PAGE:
Podcast | American hypocrisy in the fight for democracy in Hong Kong

When China introduced its new national security law, leaders in the U.S. voiced outrage. The Nation's Wilfred Chan tells us why he believes their words ring hollow.

Police with handcuffed protester

Police detain a protester who had been pepper-sprayed during a protest in Hong Kong, July 1, 2020, the 23rd anniversary of the city's handover to China in 1997, and just one day after China enacted a national security law that cracks down on protests in the territory. (Vincent Yu/AP)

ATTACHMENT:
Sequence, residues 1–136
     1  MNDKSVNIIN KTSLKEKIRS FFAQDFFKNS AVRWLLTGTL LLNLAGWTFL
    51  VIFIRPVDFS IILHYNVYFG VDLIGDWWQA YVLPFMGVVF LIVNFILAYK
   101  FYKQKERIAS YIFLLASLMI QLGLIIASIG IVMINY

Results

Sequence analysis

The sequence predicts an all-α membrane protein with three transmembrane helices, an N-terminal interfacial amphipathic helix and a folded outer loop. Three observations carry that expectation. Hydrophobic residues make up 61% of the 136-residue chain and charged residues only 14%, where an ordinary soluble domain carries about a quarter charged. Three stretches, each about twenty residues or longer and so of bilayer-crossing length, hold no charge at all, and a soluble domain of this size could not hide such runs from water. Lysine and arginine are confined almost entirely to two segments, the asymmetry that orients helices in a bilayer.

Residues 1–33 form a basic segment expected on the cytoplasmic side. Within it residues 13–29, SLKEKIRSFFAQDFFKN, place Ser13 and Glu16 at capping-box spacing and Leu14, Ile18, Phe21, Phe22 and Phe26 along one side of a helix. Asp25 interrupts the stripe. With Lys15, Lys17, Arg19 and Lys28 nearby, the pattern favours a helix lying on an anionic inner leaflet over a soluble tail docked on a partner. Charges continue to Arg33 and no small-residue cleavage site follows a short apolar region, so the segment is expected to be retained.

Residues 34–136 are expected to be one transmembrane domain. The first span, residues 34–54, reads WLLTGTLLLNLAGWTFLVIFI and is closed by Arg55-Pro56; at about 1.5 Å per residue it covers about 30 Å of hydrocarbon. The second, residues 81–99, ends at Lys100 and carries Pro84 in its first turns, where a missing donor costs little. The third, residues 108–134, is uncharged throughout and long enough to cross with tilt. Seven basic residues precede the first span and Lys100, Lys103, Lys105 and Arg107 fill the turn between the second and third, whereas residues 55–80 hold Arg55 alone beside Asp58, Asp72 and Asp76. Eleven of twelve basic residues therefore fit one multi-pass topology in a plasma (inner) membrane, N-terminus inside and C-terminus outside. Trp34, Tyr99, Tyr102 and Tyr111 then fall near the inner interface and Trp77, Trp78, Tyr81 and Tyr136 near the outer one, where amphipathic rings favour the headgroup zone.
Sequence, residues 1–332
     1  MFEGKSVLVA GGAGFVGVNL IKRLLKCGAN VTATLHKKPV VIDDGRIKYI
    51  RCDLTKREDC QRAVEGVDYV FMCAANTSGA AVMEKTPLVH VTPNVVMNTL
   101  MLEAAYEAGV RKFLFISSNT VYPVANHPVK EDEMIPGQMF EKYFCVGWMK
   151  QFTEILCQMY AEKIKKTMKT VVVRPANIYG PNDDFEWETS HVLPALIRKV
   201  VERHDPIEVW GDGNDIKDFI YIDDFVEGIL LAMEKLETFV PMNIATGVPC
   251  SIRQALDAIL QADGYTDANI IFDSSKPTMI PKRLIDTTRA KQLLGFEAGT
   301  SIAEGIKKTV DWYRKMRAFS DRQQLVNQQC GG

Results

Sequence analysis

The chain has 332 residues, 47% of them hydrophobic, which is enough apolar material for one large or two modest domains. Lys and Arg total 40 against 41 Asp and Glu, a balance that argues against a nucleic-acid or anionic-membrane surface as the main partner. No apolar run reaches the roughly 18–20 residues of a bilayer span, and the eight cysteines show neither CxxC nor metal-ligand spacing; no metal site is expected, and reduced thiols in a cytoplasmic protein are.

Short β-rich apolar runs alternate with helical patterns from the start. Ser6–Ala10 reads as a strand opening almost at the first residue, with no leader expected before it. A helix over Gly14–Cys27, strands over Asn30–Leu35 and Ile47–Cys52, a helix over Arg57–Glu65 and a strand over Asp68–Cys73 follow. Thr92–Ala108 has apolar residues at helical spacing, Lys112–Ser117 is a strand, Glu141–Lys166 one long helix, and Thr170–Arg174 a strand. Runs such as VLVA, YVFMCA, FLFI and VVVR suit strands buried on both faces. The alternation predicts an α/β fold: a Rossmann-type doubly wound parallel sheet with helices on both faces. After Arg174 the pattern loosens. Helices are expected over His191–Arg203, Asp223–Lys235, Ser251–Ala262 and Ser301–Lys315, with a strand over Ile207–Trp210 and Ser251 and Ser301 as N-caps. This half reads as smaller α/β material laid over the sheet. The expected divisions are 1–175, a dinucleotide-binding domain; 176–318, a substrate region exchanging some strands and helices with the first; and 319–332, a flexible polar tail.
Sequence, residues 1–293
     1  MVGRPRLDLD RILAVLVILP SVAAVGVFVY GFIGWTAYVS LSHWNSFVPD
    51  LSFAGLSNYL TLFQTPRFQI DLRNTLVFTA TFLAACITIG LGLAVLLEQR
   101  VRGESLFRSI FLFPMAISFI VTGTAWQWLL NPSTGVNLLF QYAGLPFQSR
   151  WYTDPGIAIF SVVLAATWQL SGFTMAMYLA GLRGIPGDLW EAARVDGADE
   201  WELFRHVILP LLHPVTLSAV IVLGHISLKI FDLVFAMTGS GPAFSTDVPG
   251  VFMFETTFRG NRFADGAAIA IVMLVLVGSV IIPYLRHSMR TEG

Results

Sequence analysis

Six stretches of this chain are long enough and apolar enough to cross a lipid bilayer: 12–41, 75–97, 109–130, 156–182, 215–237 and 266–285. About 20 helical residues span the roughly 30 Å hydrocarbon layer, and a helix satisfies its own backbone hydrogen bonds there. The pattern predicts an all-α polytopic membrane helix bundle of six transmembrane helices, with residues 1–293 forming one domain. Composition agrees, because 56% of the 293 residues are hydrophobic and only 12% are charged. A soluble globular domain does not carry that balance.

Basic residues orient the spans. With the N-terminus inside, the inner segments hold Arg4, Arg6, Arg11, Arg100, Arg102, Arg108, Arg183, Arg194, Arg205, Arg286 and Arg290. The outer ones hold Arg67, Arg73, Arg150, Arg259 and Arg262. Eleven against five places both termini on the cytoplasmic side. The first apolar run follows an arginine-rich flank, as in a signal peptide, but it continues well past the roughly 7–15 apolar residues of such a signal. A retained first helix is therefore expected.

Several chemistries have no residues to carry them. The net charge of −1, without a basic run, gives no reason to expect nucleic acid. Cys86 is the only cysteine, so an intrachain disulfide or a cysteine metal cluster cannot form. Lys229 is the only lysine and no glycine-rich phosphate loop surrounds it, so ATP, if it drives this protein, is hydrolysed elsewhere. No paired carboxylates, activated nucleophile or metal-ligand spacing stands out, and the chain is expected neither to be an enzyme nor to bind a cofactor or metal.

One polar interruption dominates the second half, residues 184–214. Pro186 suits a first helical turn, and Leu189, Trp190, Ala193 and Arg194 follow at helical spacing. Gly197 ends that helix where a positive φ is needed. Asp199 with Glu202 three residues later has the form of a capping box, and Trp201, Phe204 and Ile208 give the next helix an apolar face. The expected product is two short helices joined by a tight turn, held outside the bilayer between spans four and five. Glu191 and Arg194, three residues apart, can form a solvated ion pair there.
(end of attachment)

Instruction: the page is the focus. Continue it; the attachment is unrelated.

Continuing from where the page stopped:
When the Chinese government enacted a new national security law that outlawed dissent in the semiautonomous city of Hong Kong, it signaled a new, and perhaps final, stage in the city’s pro-democracy movement. Since 2014, activists have staged sit-ins and clashed with police while calling for greater transparency in the city’s elections and decrying Beijing’s influence over its government and police. The new law, which went into effect at the end of June, made it illegal to even speak of such things. Now many activists and sympathizers have been shutting down social media accounts, or even fleeing the city, for fear of being arrested. Some political leaders in the United States, meanwhile, have denounced the new law, despite the State Department’s support for the Hong Kong police, a force that has sought to quell dissent. For this week’s episode of the Crosscut Talks podcast, we speak with Wilfred Chan, a contributing writer to The Nation and a Hong Kong leftist, about the new law and the movement it threatens to quash. He shares his views on the history of protest in Hong Kong and the complicated role that the United States has played in the conflict. Plus, David Kroman tells us what happened after Seattle activists learned the feds were coming to town.


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